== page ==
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SIERRA ENGARCERAN

SIERRA ENGARCERAN

Jill and I arrived in Sierra Engarceran after spending three days in Sitges, our Smart Car rolling cautiously through the narrow, shuttered streets at the end of siesta. Slowly, people began to appear like shadows rising in the wake of a dull sun—an old man with his matted, brown dog, boys unloading a truck, a clump of aproned women chatting on a side street. 

I pulled off in the town plaza and phoned Rob, our Airbnb host. He answered in a gentle British lilt and came to collect us, unfolding himself from a blue Citroen, dog peering at us from the back window. He kissed us gruffly on both cheeks, hands and jeans dusty with clay, and we followed him on the serpentine road out of town, rendered speechless by the ethereal afternoon light that folded down like gold wings across the hills.

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“You are in rural Spain, mind,” Rob laughs, though not unkindly, when we ask about Wi-Fi and the nearest amenities. He shrugs good-naturedly, signaling that we will indeed be far from pretty much everything for the next week. Life will move slowly. Things will not be immediate. There will be mist and fog and drizzle and possibly—storms.

We stand in the stone piazza outside his maisa—his farmhouse—gazing at the craggy mountain at its back, the hillside bursting with herbs above tidy terraces of almond trees. Slowly, we move through the property admiring the green, sunken pool in the garden, the maisa’s cozy, stone fireplace and its rustic kitchen with low-slung beams and postcard view of the village framed by large, square windows. Rob’s dog, Idgie weaves between us as we walk, her black body sleek as a raven’s wing.  

Rob begins to list off possible points of interest—we could hike up to the saddle of Tossal de l’Om, the mountain behind the masia, and the site of a 14th Century Muslim encampment only recently discovered by archaeologists. Or, we might drive to the nearby towns of Ares and Morella—ancient, walled cities topped by medieval castles. Morella (pronounced mor-AY-uh), the larger of the two, boasts a stronghold coveted by El Cid in the 1080’s. At this, Jill and I share an excited glance. Finally, after building a fire in the living room and showing us a stash of leftover wine, Rob departs, Idgie trotting tenderly at his heels. 

Left to our own devices, we realize that we are in dire need of supplies and make a return trip to town. There, we wind our way slowly through the streets until we find the carnerceria. We enter, dodging the swish of beaded curtains, and are greeted by Ima, its owner. She beckons us to survey the teetering piles of random things crammed in her little shop.

“Qué te gustaría?” She asks cordially, feet and hands spread wide. What would you like?

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Words leave my mouth in a slow stream and her tiny counter begins to fill: oranges, avocados, bananas, broccoli, apricots, tomatoes, thick slices of salami, cream, mayo, eggs, cheese, bread, three bottles of wine—two tinto, one rosa.

As she taps numbers into a calculator, she unleashes a barrage of Spanish. Where are we from? Are we staying at Rob’s masia? Is fair-haired Jill Rob’s daughter? (This makes us laugh because aside from both being Caucasian, they look nothing alike.)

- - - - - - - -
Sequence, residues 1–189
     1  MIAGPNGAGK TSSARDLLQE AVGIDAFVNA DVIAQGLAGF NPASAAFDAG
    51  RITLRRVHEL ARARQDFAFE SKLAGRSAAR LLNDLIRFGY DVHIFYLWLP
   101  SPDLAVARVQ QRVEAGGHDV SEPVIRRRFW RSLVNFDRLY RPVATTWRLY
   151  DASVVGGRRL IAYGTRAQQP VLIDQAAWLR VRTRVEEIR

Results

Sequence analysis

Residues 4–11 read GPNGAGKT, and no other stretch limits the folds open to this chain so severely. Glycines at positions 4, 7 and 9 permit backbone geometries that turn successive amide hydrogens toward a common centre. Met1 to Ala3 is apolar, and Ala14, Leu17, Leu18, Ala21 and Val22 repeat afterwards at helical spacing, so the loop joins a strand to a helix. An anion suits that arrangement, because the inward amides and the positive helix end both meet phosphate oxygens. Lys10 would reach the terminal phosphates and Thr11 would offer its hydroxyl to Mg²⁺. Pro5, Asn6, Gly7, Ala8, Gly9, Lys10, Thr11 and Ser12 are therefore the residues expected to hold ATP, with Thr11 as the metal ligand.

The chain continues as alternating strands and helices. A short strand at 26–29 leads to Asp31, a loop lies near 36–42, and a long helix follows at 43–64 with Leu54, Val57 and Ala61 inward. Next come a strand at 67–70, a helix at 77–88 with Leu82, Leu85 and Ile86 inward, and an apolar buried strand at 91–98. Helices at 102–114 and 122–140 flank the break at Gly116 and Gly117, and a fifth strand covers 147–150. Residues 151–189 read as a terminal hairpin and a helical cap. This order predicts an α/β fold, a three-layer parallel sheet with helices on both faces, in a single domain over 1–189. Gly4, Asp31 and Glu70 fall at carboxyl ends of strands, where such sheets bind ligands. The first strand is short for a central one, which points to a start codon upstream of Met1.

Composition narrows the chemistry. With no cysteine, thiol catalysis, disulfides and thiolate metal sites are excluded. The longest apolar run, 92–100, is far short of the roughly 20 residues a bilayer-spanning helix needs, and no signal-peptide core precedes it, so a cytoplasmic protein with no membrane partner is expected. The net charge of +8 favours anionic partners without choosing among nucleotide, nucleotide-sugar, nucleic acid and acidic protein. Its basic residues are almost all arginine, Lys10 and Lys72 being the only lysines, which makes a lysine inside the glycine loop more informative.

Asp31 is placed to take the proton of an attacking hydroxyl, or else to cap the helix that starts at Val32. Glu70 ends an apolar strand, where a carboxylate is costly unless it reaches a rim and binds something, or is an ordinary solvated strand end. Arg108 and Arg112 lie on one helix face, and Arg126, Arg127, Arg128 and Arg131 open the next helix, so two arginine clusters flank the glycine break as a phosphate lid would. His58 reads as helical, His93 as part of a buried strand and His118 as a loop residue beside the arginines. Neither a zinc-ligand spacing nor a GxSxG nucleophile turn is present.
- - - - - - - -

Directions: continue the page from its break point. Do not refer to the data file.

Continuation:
In a flurry, Ima bags our purchases. The entire haul will feed us for a week and costs nineteen euros, wine included. Before we leave, she imparts bits of local information. The bakery—called in Catalan, font du pa—is open from six-thirty to two most days, never on Sundays and on Saturday, well, it varies. The pharmacia is around the corner and Bar Salvador across the square sells wine, beer, some food and cigarettes.

“Entiendes?” She asks me. Understand?

“I think so. Your words come so fast. Como un viento.” Like a wind.

“Claro,” she laughs. “Pero—es bueno que intentes hablar español.” It’s good that you try to speak Spanish. 

“Lo intento," I reply.  I try.

I will always try.

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Later, back in the masia’s cozy kitchen, Jill chops piles of vegetables next to a roiling pot of pasta—heaps of broccoli, garlic, tomato. Fragrant steam fills the air. She adds cream. We draw chairs up to the rough-hewn table and slurp bowls of noodles topped with fresh cheese; every so often refilling our squat, clay glasses with wine from a label-less bottle of tinto. A local map is spread on the table and our eyes rove the topography of Sierra Engarceran. As night draws in around the tiny farmhouse, we are full and sated. Happy. Warmly tipsy. The iPhones come out and we play our favorite songs, loud as we please, singing along in the mellow glow of the kitchen. We gaze out at the far-off twinkle of the village nestled across the valley like a cluster of fireflies. The masia is our mountain stronghold; made for eating, drinking, talking and laughing and it is snug as a cave, itself.

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The next day, we hike. The fog moves in a winged froth across the highlands, chasing us up the rocky embankment behind the house. Higher and higher, we climb—pink-cheeked, shivering—flanked by hillside troves of hyacinth, thyme, wild lavender and mint. At the pinnacle, Jill buries her face in a feast of purple rosemary.  Somewhere below, dogs in the valley bark and whine. We sit on large, flat boulders and munch sandwiches until a dense, white cloud cloisters us, forcing us to descend through the shrubs and rock fields, slow and precise, as if we are brittle and small and not people at all—but figurines made of glass.

FIN

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More photos of Sierra Engarcaren ...

MORELLA

MORELLA

SITGES

SITGES

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